the 4th section of Part 2 in the book, The Ball is Round: A
Global History of Soccer, David Goldblatt explains about how football
started in Canada, New Zealand, South Africa, Australia, United States, and
Ireland. Goldblatt describes that it was difficult for football to successfully
spread in Canada because of the focus in other sports, such as ice hockey due
to the long winters. Therefore, football and cricket were mainly played in
elite schools and universities. On the other hand, New Zealand was influenced
by the exemplified rules of football, rugby union, rugby league, Australian
football, and Gaelic football (89). In addition, the first local football
association was established in Auckland in 1886. However, due to the
government’s intervention, football was played in small industrial districts,
particularly the mining towns in South Island.
Through the British Army, football
and other sports took place in South Africa. Despite soccer being viewed as a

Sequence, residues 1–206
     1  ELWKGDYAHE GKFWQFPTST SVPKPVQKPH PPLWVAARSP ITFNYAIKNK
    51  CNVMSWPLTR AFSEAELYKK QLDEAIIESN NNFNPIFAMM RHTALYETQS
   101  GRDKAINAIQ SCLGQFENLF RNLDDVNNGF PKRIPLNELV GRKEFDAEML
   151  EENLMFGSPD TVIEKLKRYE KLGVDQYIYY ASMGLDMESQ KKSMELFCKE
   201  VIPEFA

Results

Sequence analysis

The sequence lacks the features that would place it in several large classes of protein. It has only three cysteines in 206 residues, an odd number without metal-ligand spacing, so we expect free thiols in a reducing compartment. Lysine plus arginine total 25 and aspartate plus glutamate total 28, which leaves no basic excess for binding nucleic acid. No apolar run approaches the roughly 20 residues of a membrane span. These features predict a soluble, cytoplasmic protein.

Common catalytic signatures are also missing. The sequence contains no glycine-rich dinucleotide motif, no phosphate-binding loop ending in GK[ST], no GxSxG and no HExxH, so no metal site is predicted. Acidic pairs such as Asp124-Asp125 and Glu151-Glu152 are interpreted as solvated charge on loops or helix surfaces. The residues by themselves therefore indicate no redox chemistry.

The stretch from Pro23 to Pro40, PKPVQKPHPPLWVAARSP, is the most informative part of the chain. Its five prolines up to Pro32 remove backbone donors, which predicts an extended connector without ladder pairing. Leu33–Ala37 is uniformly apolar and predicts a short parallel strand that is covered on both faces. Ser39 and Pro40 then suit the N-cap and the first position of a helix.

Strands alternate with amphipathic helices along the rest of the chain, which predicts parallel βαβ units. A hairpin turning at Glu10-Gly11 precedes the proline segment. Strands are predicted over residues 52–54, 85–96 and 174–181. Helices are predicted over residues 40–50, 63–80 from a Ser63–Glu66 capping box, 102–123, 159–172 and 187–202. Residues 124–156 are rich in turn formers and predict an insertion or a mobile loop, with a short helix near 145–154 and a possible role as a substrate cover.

sport for enjoyment in other countries, Africans viewed soccer as a tool of
public association, expression, and method to show restrictions and frailty of
the colonizers, meaning that soccer was a way to free themselves from the hardships.
Contrarily, football reached Australia before the rules were established in
Britain. Thus, Australia created its own rules, which included rules that
preserved rules of handling or kicking the ball.
In the United States, people in
elite schools and universities primarily played football. St. Louis was
significant because the football players represented the U.S. in the unofficial
tournament at the 1904 Olympic Games. Another crucial event in the U.S. history
of soccer was when the U.S. national team won the World Cup in Uruguay in 1930.
Moreover, in Ireland, the Gaelic Athletic Association (GAA) played a big role
in shaping sports even with the oppression of the Catholic hierarchy. The GAA
not only preserve and codify rules but also made its own rules to deprecate
British sport. However, there were conflicts between the GAA and hierarchy, so
football was accepted when the Irish national team won the World Cup.